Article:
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Tips to make pack-a-lunch duty easier

Copyright 2014 The Associated Press. All rights reserved. This material may not be published, broadcast, rewritten or redistributed. The Associated Press
Tuesday, August 26, 2014 - 9:09 am

Sure, you've braced your kids for the early mornings. But have you prepared yourself for another 180 school days of packed lunches?

A little information — as well as the right gear — can keep it from turning into a dreaded chore. So let's start with some basics:

THINK AHEAD

I don't mean plan out a week's worth of lunches. That's just crazy talk. Rather, at dinner the night before, cook a little too much. How much too much? It depends on how many lunches you need to pack the next day. Either way, those leftovers are your easy building blocks for lunch the next day.

Grilling steak or roasting a chicken? Make a little extra and turn it into sandwiches or wraps or a robust salad in the morning. Pasta night? Boil up a little extra. The next day, cold leftovers plus some bottled vinaigrette and whatever veggies or meat you have handy become an easy pasta salad.

COMPARTMENTALIZE

Ditch the idea of structuring lunch around a main-with-sides model. Most people — and particularly kids — are just as happy with a bunch of small items to munch on. Assemble some fruit, fresh veggies, cheese, crackers or bread, a little cold meat, maybe a yogurt, and you have a pretty satisfying meal.

And to make packing all those bits and pieces easier, get bento-style lunch containers. These containers generally have multiple small compartments.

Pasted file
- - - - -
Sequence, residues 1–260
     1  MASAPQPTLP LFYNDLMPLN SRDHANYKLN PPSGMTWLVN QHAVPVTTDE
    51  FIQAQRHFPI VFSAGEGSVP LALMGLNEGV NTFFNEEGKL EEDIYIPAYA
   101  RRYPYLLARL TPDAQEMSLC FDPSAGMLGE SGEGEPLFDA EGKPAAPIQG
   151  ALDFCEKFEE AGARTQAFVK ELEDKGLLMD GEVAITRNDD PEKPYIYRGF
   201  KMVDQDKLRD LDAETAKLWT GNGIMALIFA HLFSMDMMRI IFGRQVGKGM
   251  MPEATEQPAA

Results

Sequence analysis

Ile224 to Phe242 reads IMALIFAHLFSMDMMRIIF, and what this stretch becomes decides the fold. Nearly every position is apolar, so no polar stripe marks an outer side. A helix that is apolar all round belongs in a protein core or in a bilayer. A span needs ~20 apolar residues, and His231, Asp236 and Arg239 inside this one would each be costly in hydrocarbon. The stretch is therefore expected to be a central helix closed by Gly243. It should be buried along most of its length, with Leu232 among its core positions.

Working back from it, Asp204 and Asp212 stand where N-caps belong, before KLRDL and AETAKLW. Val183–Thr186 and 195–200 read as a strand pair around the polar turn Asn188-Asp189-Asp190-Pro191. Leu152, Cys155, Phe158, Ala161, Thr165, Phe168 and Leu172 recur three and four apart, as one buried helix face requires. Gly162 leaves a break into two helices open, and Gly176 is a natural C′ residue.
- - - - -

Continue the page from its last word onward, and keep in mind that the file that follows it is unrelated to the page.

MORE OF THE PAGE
KNOW YOUR NUMBERS

Safe lunch packing all comes down to numbers. Cold food needs to stay below 40 F. Hot food needs to stay above 140 F. Once food falls outside those ranges, it's safe to eat for another two hours.

Figure out what time a packed lunch will be eaten. Now count backward to the time of day it will be packed. That's how long you need to maintain the food at a safe temperature. So when you shop for lunch gear — insulated lunch bags, thermoses, etc. — only buy products with thermal ratings. These ratings tell you how long they can keep items hot or cold.

GEAR UP

Start by deciding the types of lunches you'll pack most often. Lots of little nibbles? Bento boxes are for you. Plenty of soups, chili and hot items? Multiple thermos-style wide-mouth food jars need to be on your shopping list. Go through a lot of dips and hummus and condiments? Be sure your containers are watertight.

As a general rule, I like to get two of every container. This way there is less pressure to make sure the lunch gear from the day before is washed before morning. I also prefer stainless steel because it holds up to the dishwasher (and my destructive 10-year-old) better. But it's also costlier.